“[Are Wiewel's actions] ethical? No,” Pagan said. “I know that ethics are subjective. My orientation is so clearly different than his.”
Pagan said she would like to see Wiewel be made to stop using University resources for his own private business, but said she did not expect that to happen anytime soon.
“In my mind this infraction fades in comparison to the many other manifestations of a man who oversees the mass stress of poverty and debt while enjoying such lavish compensations as free housing in a mansion with cleaning service on top of his nearly half a million a year salary,” she said. “This is to say nothing of the year-long paid sabbatical he has been approved of by his own Board of Trustees.”
“Not Content With Just Having More Money”
Mark Alfano, Associate Professor of Ethics at the University of Oregon, told GoLocal that Wiewel's actions are especially jarring in context.
Wiewel makes over half a million dollars annually as president of PSU. While the cost of living in Portland is higher than the national average, Wiewel looks to be making roughly 100x what it takes to live comfortably in town,” Alfano said. “One wonders why he feels that he needs even more from a consulting firm. One wonders whether PSU, where over 1/4 of first-year students are not retained into their sophomore year, and the 6-year graduation rate is less than 40%, would be better served by a president who devotes 100% of his effort to the university.”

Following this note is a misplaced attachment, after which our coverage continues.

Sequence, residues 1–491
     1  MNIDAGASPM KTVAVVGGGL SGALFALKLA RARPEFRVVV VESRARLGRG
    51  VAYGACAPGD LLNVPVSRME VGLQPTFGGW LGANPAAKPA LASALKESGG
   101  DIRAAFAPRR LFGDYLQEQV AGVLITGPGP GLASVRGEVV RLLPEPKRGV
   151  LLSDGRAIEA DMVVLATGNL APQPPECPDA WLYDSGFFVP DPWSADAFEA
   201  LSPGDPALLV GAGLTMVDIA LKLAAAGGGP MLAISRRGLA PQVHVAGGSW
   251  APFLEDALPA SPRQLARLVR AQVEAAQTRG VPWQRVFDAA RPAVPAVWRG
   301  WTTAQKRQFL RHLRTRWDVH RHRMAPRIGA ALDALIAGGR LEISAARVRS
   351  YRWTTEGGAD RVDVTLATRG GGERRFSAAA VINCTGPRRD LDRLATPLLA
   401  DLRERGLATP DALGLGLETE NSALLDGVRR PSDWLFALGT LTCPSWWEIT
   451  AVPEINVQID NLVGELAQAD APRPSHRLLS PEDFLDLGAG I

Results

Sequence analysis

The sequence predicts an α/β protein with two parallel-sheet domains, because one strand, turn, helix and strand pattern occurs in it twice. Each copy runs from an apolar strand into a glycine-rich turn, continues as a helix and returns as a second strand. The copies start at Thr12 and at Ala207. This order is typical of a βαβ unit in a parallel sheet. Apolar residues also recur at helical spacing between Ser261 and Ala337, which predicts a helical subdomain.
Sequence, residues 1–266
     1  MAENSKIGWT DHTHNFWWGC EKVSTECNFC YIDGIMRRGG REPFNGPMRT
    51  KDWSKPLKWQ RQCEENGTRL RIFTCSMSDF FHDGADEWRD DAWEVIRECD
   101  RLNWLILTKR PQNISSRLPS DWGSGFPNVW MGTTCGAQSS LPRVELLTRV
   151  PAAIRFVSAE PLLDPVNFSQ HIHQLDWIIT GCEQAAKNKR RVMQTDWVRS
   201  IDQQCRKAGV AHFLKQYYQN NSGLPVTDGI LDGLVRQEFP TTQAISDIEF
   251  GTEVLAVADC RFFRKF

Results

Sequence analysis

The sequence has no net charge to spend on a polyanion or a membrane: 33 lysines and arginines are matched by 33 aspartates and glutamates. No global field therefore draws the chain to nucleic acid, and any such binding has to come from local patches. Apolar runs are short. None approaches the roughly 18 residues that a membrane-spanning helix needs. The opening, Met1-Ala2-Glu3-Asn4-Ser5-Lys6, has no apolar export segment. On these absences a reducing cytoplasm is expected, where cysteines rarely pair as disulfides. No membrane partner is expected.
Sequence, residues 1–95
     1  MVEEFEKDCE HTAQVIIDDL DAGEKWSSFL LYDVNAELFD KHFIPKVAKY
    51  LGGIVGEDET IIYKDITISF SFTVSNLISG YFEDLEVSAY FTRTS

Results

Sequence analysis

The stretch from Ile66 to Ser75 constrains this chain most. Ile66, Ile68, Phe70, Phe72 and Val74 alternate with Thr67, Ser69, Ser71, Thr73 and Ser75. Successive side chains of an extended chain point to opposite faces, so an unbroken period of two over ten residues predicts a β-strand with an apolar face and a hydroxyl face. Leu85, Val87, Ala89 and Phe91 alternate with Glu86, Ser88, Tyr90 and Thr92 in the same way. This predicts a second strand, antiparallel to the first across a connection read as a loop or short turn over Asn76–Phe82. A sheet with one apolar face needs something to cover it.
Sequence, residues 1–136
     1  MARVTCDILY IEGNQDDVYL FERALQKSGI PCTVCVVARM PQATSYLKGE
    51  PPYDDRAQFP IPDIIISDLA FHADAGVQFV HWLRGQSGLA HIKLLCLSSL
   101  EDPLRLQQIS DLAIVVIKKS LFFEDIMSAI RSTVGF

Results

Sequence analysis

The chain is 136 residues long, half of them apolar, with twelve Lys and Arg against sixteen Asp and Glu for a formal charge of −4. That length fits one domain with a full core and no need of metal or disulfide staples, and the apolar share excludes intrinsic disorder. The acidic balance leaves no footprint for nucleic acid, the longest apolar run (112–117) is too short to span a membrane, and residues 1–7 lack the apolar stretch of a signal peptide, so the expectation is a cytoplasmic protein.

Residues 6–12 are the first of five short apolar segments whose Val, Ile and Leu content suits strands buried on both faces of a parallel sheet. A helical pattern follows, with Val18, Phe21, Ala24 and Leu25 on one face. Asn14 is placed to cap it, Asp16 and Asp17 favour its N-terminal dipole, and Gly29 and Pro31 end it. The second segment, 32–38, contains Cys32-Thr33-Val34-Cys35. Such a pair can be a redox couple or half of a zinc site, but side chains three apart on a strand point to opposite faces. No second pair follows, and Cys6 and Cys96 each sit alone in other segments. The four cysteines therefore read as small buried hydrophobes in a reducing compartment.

David Longanecker, President of the Western Interstate Commission for Higher Education, told GoLocal that he did not think Wiewel's actions were “appropriate.” He also doubted whether they were typical of those in Wiewel's position.
“I'm not sure whether it is common practice” he said. “It sounds unusual to me. I don't think the job of a university president would leave much time for other activities.”
Nelson, with the University of Illinois, said that many times, college and university presidents will refuse to take paying positions with for-profit companies to avoid even the appearance of impropriety.
“He seems to have moved way past the appearances phase,” Nelson said of Wiewel. “This is absolutely not usual or typical, and I don't know why anyone would think it is."
Alfano, with the University of Oregon, also said that Wiewel “speaks to the toxic corporatizing of American higher education.”
“These days, the hyper-rich are not content with just having even more money. After a certain point, more money doesn't buy you anything. Instead, what they crave is something that's harder to buy: deference, respect, and even admiration,” Alfano said.
“We've seen this with Wall Street bankers who cry bloody murder every time Obama looks at them funny. We've seen it with CEOs who claim that they would invest in American workers if only people would give them credit for being makers, not takers. And we're increasingly seeing it with university presidents and other high-level administrators, who surround themselves with yes-men and -women.”